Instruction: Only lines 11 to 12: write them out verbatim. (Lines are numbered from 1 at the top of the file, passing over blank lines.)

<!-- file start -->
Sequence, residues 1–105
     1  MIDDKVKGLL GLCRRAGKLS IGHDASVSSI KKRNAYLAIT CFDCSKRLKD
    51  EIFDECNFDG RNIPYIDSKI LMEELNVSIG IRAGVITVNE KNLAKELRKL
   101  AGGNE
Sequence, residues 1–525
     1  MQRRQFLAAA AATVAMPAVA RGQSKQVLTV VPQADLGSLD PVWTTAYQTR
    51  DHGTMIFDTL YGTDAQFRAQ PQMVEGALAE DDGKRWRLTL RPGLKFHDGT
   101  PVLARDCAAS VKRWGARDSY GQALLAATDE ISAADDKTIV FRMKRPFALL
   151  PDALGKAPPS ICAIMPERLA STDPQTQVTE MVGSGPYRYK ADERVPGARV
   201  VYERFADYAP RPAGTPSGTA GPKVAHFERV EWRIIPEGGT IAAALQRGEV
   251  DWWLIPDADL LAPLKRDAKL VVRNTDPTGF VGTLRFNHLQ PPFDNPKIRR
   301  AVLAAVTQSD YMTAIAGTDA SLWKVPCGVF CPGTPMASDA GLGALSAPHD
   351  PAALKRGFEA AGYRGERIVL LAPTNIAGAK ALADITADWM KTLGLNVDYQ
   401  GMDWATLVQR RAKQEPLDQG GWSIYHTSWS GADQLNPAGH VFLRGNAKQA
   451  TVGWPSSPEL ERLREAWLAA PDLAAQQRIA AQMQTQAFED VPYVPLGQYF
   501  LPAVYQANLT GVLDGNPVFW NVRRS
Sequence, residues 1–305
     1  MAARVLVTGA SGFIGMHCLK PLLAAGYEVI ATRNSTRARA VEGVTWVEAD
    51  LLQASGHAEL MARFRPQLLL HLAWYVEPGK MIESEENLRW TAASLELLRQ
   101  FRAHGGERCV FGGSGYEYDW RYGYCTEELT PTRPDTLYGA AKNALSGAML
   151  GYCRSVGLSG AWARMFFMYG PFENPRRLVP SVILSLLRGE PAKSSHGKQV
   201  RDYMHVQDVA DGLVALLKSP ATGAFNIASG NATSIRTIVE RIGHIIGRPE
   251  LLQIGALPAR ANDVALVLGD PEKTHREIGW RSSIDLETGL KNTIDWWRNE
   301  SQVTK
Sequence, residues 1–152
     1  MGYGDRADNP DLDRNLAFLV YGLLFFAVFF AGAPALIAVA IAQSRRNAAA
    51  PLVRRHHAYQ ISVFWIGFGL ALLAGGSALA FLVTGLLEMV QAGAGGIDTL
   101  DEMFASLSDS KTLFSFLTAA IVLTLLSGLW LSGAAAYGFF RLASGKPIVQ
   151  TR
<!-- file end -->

   251  DWWLIPDADL LAPLKRDAKL VVRNTDPTGF VGTLRFNHLQ PPFDNPKIRR
   301  AVLAAVTQSD YMTAIAGTDA SLWKVPCGVF CPGTPMASDA GLGALSAPHD